It's more complicated than that. The problem is that everyone at the U.N. cares and says they have ideas to stop spam, but those ideas tend to be grotesquely oversimplified. Groups like the U.N. and its ITU group have had to try to tackle spam because it's very expensive to buy bandwidth in Third World countries, and spam increases those costs. But politicians aren't the people to stop spam. The U.N. can't wave its magic wand and stop it. The U.N. should be working on tools that enable cheaper bandwidth in developing countries.

However, what the U.N. can do and needs to do is work to coordinate international laws. Now that the U.S. has CAN-SPAM and other countries are working on laws, spammers are merely being forced to create offshore data havens. International cooperation is pretty close to essential in order to make national laws meaningful. Laws aren't the only solution, but they're part of the solution. In regard to spam avoidance, are Notes users better off than Outlook users?
I don't know if it's fair to say that, because much of the antispam technology we're talking about and Microsoft's talking about isn't out yet. I think we're doing a good job of keeping our users in the forefront and giving them access to the latest technologies.

For more information

Learn how to get better R5 spam protection for free.

Read why a jail term for one spammer raises legal questions.

Read more articles written by News Editor Eric B. Parizo.

Is Microsoft taking spam seriously enough?
Bill Gates is on record as saying that spam will no longer be a major issue by mid-2005. I think that's unrealistic, and if [Microsoft] thinks it has a cure-all, then its users are going to be sorely disappointed. Hopefully, Microsoft doesn't believe its own rhetoric. But we're in this for the long haul. To stop spam over time, our goal is to develop a whole pipeline full of antispam solutions, so there will always be something new. What are some of the technologies you're developing?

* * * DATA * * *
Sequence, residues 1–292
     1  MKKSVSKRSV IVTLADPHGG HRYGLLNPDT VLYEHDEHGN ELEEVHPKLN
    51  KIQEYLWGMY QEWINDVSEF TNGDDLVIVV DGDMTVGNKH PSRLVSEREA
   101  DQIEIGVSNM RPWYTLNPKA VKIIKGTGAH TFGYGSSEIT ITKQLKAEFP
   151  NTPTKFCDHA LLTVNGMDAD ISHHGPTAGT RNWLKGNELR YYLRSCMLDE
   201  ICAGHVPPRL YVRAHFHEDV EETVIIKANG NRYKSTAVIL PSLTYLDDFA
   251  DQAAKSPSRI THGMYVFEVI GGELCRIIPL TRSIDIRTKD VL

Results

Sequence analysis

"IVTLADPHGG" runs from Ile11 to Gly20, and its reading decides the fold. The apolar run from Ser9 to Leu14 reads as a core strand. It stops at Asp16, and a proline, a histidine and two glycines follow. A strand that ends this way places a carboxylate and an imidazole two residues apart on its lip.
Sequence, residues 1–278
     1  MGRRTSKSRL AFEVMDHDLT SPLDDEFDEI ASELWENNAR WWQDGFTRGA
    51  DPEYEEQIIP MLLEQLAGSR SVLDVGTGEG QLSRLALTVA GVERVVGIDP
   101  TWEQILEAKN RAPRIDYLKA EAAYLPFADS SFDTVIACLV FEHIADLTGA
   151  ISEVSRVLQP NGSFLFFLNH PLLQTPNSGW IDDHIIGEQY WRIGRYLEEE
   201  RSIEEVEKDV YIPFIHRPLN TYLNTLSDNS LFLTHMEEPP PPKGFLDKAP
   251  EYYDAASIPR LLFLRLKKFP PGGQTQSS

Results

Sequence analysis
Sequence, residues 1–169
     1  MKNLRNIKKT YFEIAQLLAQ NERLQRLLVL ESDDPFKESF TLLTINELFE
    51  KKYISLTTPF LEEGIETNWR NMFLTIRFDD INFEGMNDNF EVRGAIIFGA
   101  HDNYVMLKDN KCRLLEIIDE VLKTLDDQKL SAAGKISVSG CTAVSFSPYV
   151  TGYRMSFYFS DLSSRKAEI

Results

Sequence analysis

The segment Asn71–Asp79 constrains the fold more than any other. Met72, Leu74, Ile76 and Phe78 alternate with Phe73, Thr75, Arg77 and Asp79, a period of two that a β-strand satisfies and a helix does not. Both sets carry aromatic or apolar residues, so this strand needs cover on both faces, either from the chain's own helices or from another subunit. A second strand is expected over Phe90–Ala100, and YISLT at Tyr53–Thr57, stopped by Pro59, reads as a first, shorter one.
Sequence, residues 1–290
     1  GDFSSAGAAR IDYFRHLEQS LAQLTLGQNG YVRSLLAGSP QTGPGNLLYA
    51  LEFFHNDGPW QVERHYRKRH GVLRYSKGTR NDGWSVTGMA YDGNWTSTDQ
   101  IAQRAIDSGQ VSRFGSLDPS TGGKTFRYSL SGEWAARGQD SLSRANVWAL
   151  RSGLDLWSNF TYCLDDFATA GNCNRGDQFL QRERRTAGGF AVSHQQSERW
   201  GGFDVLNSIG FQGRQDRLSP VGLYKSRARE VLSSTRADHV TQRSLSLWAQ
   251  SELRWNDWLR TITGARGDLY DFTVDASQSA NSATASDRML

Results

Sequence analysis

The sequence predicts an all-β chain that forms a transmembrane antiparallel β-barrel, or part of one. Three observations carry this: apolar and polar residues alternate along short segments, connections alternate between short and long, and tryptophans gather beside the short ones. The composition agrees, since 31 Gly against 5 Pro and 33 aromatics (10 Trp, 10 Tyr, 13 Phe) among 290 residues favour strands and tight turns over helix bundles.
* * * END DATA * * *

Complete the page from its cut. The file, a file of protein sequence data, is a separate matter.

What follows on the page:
We're working on multilingual filters to help Chinese users, for instance, because different languages present unique challenges. A hypothetical example is a Viagra salesman. If all his e-mails contain the word Viagra, then he needs a spam filter that doesn't block e-mail with that word in it. I recently refinanced my house, but whenever someone sent me an e-mail about it, I had to go fish for it in my spam folder because it's something that filters look for. We need to address that problem.

We're also working on something called SpamGuru, which comes out of IBM research. It combines an advanced set of Bayesian filters with advanced algorithms.

Another thing that's probably at least another year away is the development of an open antispam architecture. Third-party vendors could offer plug-ins for architectures that solve specific problems, such as specialized filters. Systems that utilize domain-based signatures are also in development. The idea is that if you can't verify that a message comes from a specific person, you can at least verify that it's from the sender's domain.